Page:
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HIV (Human Immunodeficiency Virus): Possible Lines of Control

Updated on February 28, 2014

This cat has gene for heterozygous normal white (CfW.cfw); a white cat would have gene for homozygous normal white (CfW,CfW). Such cats differ in form or morph

What causes the mutation of macrophage that is supposed to counter HIV?

What lines of defense are possible against the human immunodeficiency virus (HIV) that causes acquired immunodeficiency syndrome (AIDS)?

By possible we mean whatever can be thought of. However, our list will not be exhaustive. By probable, we mean one that has been verified to work. Likewise, our list will not be exhaustive.
I have an earlier Hub “Heredity as a factor in susceptibility to HIV” that mentions that a mutation in the macrophage makes for a susceptibility to HIV.

One possible line of defense against HIV is to counter this mutation, that according to scientists is polymorphism.

“Polymorphism[1] in biology occurs when two or more clearly different phenotypes exist in the same population of a species — in other words, the occurrence of more than one form or morph....

“Polymorphism is common in nature; it is related to biodiversity, genetic variation and adaptation; it usually functions to retain variety of form in a population living in a varied environment.[3]:126 The most common example is sexual dimorphism, which occurs in many organisms. Other examples are mimetic forms of butterflies (see mimicry), and human hemoglobin and blood types” (Wikipedia).

Genes control the morph
Let’s look into hemoglobin, the protein in the blood that carries oxygen. Normal hemoglobin (like a rounded coin) is controlled by the gene HbA. There is an abnormal hemoglobin that looks like a sickle that causes sickle cell anemia. This is controlled by the gene HbS. A person with gene HbS, HbS dies in 45 to 46 years even when given medications. The main reason is that his hemoglobin does not carry enough oxygen for use in metabolisms in his body.

Let’s look into hemoglobin in relation to malaria. A person with heterozygous normal gene (HbA,hba) is more resistant to malaria than a fellow with a homozygous normal gene (HbA,HbA). A gene consists of two alleles; one allele (HbA) may come from the father, the other allele (Hba) may come from the mother. Take note of the capital and small letters. Capital letter indicates dominance, that is, its expression is the one shown or manifested in the person.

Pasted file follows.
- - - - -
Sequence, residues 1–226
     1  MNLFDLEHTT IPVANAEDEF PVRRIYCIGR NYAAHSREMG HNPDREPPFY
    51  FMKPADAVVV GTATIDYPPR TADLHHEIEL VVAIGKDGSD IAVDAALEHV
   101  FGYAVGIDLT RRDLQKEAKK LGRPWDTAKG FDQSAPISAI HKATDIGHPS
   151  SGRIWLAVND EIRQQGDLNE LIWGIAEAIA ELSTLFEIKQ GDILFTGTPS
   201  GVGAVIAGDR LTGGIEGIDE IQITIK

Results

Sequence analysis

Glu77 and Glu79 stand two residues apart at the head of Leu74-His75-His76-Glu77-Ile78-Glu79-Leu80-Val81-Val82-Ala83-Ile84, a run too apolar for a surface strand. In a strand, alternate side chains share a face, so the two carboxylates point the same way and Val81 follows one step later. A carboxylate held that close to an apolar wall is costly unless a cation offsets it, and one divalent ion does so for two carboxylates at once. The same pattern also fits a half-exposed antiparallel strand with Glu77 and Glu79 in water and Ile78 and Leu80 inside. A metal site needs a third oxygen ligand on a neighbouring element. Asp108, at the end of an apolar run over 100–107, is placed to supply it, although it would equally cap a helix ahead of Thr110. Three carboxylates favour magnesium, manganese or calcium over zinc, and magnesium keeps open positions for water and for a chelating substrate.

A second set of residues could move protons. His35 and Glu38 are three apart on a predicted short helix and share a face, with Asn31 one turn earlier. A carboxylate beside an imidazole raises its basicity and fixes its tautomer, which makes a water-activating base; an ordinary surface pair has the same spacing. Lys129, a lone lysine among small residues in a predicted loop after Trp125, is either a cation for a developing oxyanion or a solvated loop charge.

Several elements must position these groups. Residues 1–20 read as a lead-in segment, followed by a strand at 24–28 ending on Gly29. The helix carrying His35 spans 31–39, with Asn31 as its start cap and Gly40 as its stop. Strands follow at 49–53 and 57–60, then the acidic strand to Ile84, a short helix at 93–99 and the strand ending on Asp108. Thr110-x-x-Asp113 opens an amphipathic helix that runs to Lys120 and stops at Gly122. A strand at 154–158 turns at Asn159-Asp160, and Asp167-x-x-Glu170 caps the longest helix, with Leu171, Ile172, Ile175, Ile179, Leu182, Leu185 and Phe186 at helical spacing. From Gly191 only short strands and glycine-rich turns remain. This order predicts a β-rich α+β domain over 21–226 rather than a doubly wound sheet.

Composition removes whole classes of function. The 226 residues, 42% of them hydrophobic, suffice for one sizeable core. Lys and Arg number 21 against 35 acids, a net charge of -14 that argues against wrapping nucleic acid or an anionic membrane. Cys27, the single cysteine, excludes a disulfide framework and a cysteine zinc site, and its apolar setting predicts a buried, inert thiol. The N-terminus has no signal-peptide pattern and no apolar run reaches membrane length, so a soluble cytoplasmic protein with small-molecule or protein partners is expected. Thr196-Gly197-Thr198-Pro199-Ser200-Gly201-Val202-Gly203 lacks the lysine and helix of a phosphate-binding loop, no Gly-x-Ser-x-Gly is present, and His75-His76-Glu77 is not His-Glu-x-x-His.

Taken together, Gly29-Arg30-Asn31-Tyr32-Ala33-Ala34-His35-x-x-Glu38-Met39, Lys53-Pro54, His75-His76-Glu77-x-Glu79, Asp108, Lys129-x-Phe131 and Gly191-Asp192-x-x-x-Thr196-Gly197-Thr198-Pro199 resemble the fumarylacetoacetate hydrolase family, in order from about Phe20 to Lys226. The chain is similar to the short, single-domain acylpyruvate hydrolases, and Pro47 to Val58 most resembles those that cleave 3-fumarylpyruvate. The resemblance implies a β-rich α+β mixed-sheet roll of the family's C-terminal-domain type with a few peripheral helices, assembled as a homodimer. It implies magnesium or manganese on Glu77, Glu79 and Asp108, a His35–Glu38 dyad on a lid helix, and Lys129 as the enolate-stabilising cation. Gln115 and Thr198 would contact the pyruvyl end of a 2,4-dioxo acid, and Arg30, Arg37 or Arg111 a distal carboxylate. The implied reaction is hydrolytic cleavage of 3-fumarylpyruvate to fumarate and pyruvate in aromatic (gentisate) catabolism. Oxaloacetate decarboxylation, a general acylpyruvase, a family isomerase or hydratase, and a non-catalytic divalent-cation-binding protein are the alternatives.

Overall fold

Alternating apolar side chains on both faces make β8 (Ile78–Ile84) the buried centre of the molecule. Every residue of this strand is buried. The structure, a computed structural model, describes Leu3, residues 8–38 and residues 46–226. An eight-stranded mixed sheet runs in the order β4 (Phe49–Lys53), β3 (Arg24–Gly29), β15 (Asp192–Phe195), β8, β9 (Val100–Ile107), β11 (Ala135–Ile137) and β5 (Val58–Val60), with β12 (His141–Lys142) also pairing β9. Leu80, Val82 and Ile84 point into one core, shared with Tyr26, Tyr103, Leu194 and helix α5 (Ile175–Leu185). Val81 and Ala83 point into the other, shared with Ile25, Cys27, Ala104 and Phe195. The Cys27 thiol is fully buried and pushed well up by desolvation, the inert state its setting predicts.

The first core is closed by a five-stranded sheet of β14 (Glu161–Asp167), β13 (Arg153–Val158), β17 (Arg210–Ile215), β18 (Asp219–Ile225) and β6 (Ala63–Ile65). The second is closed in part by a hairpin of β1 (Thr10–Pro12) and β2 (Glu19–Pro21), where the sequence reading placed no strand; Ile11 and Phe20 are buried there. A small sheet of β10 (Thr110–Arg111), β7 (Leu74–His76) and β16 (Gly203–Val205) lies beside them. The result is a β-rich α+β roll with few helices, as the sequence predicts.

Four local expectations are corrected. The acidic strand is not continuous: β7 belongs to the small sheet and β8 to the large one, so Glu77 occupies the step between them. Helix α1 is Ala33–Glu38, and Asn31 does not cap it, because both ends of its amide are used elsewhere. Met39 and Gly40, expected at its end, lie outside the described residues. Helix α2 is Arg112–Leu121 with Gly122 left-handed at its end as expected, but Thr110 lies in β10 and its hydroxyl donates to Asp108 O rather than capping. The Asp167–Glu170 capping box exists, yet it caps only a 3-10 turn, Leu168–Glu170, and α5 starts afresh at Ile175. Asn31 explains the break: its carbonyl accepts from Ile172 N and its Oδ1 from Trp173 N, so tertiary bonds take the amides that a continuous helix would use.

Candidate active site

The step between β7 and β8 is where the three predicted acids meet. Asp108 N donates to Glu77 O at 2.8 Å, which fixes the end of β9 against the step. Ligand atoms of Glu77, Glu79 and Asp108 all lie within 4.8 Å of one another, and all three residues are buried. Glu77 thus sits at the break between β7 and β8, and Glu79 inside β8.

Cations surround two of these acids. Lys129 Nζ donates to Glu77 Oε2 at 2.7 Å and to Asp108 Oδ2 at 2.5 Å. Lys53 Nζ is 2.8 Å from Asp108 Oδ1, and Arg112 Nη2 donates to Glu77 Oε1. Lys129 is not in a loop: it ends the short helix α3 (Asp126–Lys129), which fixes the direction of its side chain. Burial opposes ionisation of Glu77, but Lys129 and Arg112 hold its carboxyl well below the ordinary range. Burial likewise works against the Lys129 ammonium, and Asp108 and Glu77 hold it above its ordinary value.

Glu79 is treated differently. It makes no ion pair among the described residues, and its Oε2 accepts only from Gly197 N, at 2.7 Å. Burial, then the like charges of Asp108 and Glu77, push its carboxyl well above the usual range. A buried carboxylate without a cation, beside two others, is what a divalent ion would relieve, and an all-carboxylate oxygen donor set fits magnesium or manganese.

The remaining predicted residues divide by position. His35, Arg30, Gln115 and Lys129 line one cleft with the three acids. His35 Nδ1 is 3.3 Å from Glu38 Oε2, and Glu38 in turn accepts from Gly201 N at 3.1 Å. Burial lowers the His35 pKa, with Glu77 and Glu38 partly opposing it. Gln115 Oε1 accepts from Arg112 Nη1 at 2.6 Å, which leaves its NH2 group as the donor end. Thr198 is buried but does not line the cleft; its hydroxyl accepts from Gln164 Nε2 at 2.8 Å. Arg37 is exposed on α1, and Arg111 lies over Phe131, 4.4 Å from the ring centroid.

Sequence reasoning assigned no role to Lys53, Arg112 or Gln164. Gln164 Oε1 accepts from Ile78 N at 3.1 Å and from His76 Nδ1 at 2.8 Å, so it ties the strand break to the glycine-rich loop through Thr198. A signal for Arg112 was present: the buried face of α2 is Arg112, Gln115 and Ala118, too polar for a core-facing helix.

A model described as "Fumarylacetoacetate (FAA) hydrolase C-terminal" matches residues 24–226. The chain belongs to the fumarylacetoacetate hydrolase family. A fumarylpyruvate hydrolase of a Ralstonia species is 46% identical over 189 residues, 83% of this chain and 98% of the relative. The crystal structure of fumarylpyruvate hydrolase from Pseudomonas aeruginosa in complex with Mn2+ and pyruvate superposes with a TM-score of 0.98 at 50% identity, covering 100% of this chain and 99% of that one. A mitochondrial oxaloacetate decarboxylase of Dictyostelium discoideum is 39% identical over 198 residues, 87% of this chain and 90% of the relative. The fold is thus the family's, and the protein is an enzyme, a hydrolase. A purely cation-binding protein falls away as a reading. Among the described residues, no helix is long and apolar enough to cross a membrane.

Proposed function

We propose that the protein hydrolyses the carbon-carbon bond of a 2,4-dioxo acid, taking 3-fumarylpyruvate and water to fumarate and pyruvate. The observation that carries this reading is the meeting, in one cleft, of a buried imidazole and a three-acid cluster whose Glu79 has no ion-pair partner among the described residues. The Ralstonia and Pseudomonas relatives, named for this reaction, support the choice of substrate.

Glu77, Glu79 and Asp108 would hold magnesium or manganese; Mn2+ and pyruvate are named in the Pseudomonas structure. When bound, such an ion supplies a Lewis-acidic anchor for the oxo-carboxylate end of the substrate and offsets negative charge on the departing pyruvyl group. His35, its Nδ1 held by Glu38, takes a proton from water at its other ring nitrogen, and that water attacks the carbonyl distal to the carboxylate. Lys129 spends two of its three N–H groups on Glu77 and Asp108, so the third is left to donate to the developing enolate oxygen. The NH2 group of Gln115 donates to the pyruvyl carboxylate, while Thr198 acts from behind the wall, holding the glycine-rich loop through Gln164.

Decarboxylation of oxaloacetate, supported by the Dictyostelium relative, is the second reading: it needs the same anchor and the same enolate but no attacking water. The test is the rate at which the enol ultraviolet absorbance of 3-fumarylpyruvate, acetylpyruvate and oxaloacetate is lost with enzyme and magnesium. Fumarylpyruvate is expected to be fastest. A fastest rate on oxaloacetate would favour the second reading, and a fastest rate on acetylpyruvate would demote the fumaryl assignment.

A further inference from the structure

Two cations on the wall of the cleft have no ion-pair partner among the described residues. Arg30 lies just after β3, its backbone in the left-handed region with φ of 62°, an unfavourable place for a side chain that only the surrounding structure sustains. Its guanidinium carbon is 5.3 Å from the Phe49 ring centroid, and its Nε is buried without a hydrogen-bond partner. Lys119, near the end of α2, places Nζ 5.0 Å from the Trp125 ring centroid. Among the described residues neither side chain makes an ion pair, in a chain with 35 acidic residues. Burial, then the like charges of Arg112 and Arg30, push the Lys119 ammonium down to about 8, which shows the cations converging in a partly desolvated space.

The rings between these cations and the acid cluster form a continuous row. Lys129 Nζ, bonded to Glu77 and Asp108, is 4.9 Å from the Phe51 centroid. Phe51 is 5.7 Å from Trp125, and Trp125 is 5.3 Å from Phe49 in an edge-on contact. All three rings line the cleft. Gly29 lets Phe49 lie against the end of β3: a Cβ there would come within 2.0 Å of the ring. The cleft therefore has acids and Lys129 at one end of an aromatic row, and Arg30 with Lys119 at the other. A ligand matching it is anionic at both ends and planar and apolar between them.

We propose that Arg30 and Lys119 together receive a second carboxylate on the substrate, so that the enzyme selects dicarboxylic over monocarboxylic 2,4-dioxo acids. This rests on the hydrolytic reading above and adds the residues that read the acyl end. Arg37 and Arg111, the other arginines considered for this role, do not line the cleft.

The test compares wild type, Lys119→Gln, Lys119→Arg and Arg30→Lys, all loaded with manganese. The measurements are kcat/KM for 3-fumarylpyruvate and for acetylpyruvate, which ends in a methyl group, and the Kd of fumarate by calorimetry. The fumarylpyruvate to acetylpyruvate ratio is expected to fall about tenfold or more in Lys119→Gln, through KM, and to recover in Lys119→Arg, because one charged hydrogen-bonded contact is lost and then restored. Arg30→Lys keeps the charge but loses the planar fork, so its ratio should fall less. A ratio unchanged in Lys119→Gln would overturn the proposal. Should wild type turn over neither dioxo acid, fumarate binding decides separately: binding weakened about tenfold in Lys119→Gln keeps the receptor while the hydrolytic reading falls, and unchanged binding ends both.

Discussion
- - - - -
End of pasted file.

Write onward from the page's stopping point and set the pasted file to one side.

In science of genetics, genes are designated in several ways. Hb means hemoglobin; A indicates normal. S indicates abnormal. This discussion is a little bit technical; suffice it to show that genetics is already advanced in so far as the genetics of the chromosomes in the nucleus of the cell is concerned.

There is also genetics of the mitochondria that has 37 chromosomes. In effect a person has two sets of chromosomes, one found in the nucleus and another found in the mitochondria. Genetics of the latter has not been given enough attention (Bellomo, M. The Stem Cell Divide. 2006). Chromosomes in the mitochondria are passed on only by the mother because they reside in the egg that comes into fertilization. The egg has a fluid where the mitochondria resides. The father does not carry mitochondria because his “seed” does not contain fluid that should carry them. During fertilization the nuclear chromosomes of the father (23) unites with the nuclear chromosomes of the mother (23) resulting in an embryo with 46 chromosomes. The mitochondrial chromosomes unite as well. A gene in the nucleus is designated as HbA, for example; a gene in the mitochondria is designated as mtHbA.

In the case of the mutated macrophage: what is the gene that controls the form of macrophage? There are thousands of genes of man that comprise the 46 nuclear chromosomes and 37 mitochondrial chromosomes, the heredity material. Virus has very few, 5 to 10 genes. The human genes that control macrophage must be identified. There are very few textbooks that deal on the genetics of mitochondrial chromosomes. It is easier to trace inheritance in the mitochondrial chromosomes than in nuclear chromosomes.

For example, the nuclear genes that control motor neuron disease (MND) or amyotrophic lateral sclerosis (ALS) or Lou Gehrig disease has been identified. This gene is SOD1 that controls the copper zinc superoxide dismutase. (Cu/Zn SOD). This, together with the manganese SOD, protects the mitochondria that produces energy . A mutation of SOD1 results in MND, that involves nerves that control the muscles resulting in paralysis but the brain remains intact. I have a Hub on what MND is.

Identification of the genes that when mutated results in susceptibility to HIV takes time. For example, it took 9 years to identify the genes that control heritable breast cancer, BRCA1. However, now that the project that profiles the human genome had been completed, it might be much easier to identify the genes. It will cost a lot. If done by a private firm it will cost to get examined for a mutation in macrophage. Testing for BRCA1 and BRCA2 (heritable ovarian cancer) is expensive. The Bioarray test kit may be able to see mutations in a person but may be unable yet to identify mutations in genes that control macrophage.

Cause of mutation
Assuming that the genes that control macrophage has been identified. What causes it to mutate? Is it spontaneous, that is, does it occur during meiosis? Scientists mention that the mutation is heritable, so it must be during meiosis. However, a person carrying a mutated macrophage gene does not mean that he is outrightly susceptible to HIV. Does susceptibility involve the two-hit postulate involved in cancer? For example, in BRCA1 mutation in this gene is heritable but another mutation in the same cell must occur for breast cancer to fully develop. And that is mutation in p53 gene. This is a switch that if normal, it blocks that development of breast cancer. If p53 gene is mutated, development of breast cancer proceeds (Cummings, M. Human Heredity, Principles and Issues. 2009).

The macrophage disabled
When the macrophage is mutated it may fail to recognize HIV. Such failure results in failure to mount a counter.